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5 health care heroes to deliver green flag for Indy 500

Bernice Powell, Chris O'Day, Chris Peyton, Phil Kibler and Matt Davidson will deliver the green flag to signal the start of the race.

INDIANAPOLIS — Five health care heroes have been nominated to board a LifeLine helicopter Sunday, May 30 to deliver the green flag for the 105th Running of the Indianapolis 500.  

The group includes: 

  • Bernice Powell, an IU Health EVS team member, who helped keep Riley Hospital for Children clean and safe during the pandemic.  
  • Chris O’Day, an IU Health nursing director, who lead the COVID-19 monoclonal antibody infusion center back in November.  
  • Chris Peyton, a nurse at St. Vincent Dunn Hospital, whose life was saved with the help of two LifeLine paramedics during an extremely severe cardiac episode back in August.  
  • Phil Kibler, a LifeLine flight paramedic and nurse, who helped save Chris Peyton.
  • Matt Davidson, a LifeLine flight paramedic, who helped save Chris Peyton. 

The group will board a LifeLine helicopter on race morning and fly across the city to the track before landing inside Turn 1. They will then take a lap around the track in an official Indy 500 pace car to deliver the green flag to signal the start of the race.

"This Is Us" actor Milo Ventimiglia will wave the green flag to start this year's Indy 500.

“This will be my first ever Indy 500, and the green flag is very exciting. It’s overwhelming,” Powell said.

Credit: IU Health
The IU Health LifeLine flying near the Pagoda at the Indianapolis Motor Speedway.

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It’s a huge honor for these health care heroes after such a trying year. That’s why O’Day will be thinking of all the other health care heroes who have been on the frontlines. It’s also personal for her after her parents and herself had COVID-19.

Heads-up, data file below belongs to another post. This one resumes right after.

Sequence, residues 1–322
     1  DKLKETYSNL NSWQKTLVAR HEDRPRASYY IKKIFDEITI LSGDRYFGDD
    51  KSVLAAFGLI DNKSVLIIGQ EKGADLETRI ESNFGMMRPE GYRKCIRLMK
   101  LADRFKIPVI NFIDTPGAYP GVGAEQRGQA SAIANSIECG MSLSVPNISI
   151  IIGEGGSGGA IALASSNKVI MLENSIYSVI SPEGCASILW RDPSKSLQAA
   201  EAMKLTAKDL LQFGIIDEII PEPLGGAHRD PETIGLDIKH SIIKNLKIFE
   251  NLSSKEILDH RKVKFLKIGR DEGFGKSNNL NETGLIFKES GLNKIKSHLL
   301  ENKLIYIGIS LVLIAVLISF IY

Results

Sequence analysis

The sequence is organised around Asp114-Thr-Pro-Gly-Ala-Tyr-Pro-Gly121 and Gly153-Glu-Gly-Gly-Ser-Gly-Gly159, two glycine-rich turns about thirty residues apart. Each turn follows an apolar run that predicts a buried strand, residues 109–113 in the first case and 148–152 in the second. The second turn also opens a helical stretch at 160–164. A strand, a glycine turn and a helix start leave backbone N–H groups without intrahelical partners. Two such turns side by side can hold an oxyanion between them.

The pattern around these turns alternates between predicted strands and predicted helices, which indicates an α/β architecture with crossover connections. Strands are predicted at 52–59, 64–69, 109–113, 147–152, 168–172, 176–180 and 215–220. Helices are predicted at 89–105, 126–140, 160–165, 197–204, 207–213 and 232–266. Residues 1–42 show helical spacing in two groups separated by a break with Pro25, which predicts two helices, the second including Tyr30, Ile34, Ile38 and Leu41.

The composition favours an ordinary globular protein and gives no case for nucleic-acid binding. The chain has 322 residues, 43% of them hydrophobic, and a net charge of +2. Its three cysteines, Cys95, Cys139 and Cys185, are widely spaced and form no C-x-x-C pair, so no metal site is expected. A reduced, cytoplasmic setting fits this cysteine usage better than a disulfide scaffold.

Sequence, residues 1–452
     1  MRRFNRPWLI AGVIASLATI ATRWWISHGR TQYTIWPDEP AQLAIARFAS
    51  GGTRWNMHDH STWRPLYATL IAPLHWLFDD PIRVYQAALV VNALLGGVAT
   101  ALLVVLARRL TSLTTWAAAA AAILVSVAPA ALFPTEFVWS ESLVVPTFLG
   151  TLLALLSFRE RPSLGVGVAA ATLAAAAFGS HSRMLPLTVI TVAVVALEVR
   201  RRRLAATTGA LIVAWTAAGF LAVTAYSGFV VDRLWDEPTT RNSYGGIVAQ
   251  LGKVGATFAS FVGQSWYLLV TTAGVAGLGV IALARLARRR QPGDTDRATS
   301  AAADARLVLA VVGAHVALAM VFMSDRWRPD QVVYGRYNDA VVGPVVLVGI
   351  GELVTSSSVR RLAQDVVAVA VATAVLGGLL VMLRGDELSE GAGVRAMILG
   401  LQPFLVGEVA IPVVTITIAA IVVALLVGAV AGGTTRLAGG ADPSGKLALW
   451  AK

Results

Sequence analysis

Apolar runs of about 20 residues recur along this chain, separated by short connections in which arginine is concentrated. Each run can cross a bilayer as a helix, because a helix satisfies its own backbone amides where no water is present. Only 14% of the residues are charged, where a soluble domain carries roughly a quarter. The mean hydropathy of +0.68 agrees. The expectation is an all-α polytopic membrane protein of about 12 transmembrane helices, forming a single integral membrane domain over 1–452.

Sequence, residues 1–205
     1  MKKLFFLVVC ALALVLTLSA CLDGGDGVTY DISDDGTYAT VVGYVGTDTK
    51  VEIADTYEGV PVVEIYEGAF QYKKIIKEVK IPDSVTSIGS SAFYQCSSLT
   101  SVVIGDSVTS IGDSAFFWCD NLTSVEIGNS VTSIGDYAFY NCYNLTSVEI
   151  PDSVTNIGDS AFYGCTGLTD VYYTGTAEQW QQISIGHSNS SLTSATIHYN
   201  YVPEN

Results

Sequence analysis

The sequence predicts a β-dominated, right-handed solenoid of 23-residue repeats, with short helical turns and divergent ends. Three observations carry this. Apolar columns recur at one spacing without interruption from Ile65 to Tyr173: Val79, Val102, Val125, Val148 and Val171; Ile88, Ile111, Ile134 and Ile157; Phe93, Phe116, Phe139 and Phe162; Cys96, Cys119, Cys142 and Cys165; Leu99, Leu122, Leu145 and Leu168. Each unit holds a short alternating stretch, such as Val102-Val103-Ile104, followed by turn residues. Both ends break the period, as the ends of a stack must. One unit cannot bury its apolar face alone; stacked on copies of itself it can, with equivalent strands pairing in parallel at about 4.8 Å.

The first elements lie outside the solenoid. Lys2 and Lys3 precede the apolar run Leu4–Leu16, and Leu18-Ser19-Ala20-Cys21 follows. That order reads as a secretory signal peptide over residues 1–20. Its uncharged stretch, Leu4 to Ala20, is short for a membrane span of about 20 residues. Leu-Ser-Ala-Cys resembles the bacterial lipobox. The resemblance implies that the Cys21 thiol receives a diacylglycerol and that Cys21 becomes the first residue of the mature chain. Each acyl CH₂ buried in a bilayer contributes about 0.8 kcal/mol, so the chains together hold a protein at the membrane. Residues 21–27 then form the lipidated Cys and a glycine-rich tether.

“My part was very small, but I am very humbled to be able to represent them all,” O'Day said.  

After life-saving surgery last August, Peyton is doing much better. He said it will be emotional to be back inside a LifeLine helicopter.  

“To be in the helicopter and not be in the same shape I was that day and to be able to enjoy the ride and do some sightseeing and not worrying…I’m thankful for that,” Peyton said.  

The two IU Health paramedics are also happy to be there with him.  

“To see him do something that literally was really close to never happening and to watch him be able to do that will be what’s fulfilling for me,” Kibler said.


Race day coverage begins at 5 a.m. on WTHR Channel 13, your home for the Indianapolis 500. 

The 105th Running of the Indianapolis 500 will air live on WTHR Channel 13 on Sunday, May 30. The decision to lift the blackout was made on Thursday.

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